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    @NigelJ I'm not suggesting that one should never read Paul's writings. I'm merely suggesting they may not be the place for a beginner to start. It takes more spiritual maturity to handle Paul's manner of speech than is required with many other authors. It is well known that John is often recommended as a good starting point. I, personally, also like Matthew very much. In one of my theology classes, we considered how to explain the Bible's "problem texts"--the difficult ones. As I recall, nearly 90% of these were found in Paul's writings--for our class, anyhow.
    – Biblasia
    Oct 18, 2022 at 16:30
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    For many, across the whole Mediterranean region in the first century, Paul's words were the first they had ever heard of the gospel of Jesus Christ, the Son of God. And thus were churches raised up, out of nothing, throughout the known world at the time. These people heard, and they believed, without any so-called 'problems' at all.
    – Nigel J
    Oct 18, 2022 at 19:05

A promise from God is not based on two people making a covenant that can be broken. This promise is totally based on God alone who cannot lie.

God gave a promise to Abraham, that in his seed, ALL the FAMILIES of the earth would be blessed.

You are sons of the prophets, and of the covenant that God made to our fathers, saying to Abraham: And in your Seed will all the families of the earth be blessed; Acts 3:25

This is a promise that is based on God and His faithfulness to fulfill His own word. It did not change because either Abraham believed it or not, it was a fact.

There was nothing on man's part to do to make it a fact. There was no mediator saying, "if you do this then I'll do that."

The seed that was promised to Abraham became Christ who bore the world's sin and took it away. That includes your sin as well as everybody else's. You did not have to do anything to make it happen.

The next day he saw Jesus coming toward him and declared, “Here is the Lamb of God who takes away the sin of the world! John 1:29

The faith of Jesus Christ's to believe in His Father was shown to be perfect when His Father asked him to let all the sins of every man woman and child be laid upon him during His crucifixion.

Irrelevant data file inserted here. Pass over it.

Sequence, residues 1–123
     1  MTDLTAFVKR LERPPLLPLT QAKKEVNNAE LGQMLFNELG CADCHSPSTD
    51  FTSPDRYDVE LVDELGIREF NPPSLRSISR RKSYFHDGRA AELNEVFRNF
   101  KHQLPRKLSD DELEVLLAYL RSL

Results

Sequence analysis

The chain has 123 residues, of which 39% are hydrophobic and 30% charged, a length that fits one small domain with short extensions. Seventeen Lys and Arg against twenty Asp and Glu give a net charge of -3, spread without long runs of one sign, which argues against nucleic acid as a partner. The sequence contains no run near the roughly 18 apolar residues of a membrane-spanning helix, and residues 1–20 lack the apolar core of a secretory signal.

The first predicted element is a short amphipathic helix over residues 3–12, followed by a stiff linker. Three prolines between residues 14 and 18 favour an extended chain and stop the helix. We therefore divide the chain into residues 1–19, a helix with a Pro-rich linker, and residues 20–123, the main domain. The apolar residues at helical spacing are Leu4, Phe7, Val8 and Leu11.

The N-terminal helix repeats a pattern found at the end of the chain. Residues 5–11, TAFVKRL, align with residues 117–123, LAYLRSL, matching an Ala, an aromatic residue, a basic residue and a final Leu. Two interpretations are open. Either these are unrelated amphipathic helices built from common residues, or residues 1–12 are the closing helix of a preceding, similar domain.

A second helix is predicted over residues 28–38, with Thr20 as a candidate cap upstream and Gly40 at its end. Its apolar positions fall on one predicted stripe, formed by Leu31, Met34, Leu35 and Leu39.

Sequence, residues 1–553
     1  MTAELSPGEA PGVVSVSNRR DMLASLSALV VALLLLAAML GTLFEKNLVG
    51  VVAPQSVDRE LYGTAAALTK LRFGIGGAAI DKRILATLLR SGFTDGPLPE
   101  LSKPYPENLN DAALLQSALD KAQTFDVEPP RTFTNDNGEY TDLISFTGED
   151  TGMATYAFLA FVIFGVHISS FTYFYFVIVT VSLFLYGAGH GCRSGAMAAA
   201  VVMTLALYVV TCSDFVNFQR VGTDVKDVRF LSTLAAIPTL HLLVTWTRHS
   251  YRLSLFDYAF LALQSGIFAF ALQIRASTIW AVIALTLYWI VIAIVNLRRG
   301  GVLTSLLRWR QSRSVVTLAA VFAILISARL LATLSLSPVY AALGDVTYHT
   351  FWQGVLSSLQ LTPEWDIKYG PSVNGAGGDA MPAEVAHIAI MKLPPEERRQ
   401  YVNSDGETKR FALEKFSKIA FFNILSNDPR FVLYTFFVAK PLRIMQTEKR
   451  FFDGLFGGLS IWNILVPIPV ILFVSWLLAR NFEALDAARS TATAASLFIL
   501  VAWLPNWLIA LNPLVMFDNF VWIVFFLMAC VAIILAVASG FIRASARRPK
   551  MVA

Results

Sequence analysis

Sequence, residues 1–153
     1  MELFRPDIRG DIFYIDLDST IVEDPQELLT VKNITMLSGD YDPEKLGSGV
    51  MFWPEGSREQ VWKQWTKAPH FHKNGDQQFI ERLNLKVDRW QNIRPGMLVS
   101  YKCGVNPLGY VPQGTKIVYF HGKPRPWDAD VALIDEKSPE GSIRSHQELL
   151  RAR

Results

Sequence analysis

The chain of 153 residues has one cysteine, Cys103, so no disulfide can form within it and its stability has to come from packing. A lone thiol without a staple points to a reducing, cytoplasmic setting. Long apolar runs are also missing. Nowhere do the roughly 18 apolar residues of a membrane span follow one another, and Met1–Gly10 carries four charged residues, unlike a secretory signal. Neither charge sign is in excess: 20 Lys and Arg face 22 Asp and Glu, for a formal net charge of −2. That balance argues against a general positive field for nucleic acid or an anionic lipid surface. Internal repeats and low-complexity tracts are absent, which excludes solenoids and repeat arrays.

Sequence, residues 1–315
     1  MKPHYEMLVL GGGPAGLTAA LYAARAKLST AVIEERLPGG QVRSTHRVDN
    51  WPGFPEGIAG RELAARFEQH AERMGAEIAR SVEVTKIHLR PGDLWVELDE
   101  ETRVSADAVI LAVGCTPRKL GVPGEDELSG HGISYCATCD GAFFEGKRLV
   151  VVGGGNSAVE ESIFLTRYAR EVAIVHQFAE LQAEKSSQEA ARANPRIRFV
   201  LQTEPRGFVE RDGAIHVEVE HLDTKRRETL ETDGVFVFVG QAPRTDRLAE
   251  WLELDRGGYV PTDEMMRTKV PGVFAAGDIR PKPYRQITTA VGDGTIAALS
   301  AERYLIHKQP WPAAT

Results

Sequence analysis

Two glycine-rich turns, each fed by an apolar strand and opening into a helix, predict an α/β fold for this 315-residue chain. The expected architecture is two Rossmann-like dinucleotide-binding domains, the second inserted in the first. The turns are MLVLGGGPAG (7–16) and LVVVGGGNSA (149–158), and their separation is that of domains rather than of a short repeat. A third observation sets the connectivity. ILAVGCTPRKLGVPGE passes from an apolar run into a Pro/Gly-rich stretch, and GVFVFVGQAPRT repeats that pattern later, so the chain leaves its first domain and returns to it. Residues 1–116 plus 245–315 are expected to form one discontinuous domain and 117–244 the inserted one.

Death was a consequence of sin being transferred to everyone through Adam's disobedience.

Through one act of disobedience from Adam all were subjected to death and and sin. The same is also through Christ's one act of obedience all will be made righteous according to Romans 5:18

Therefore just as one man’s trespass led to condemnation for all, so one man’s act of righteousness leads to justification and life for all. For just as by the one man’s disobedience the many were made sinners, so by the one man’s obedience the many will be made righteous. Romans 5:18

This is the blessedness that has been given to all families through that seed, Christ, for God was in Christ reconciling the whole world onto himself.

God was reconciling the world to Himself in Christ, not counting people’s sins against them. He has committed to us the message of reconciliation. 2 Corinthians 5:19

This is right, and is pleasing in the sight of God our Saviour, who is willing for all mankind to be saved and come to a full knowledge of the truth. For there is but one God and but one Mediator between God and men—Christ Jesus, Himself man; who gave Himself as the redemption price for all—a fact testified to at its own appointed time. 1 Timothy 2:6


Now a mediator is not of one, but God is one.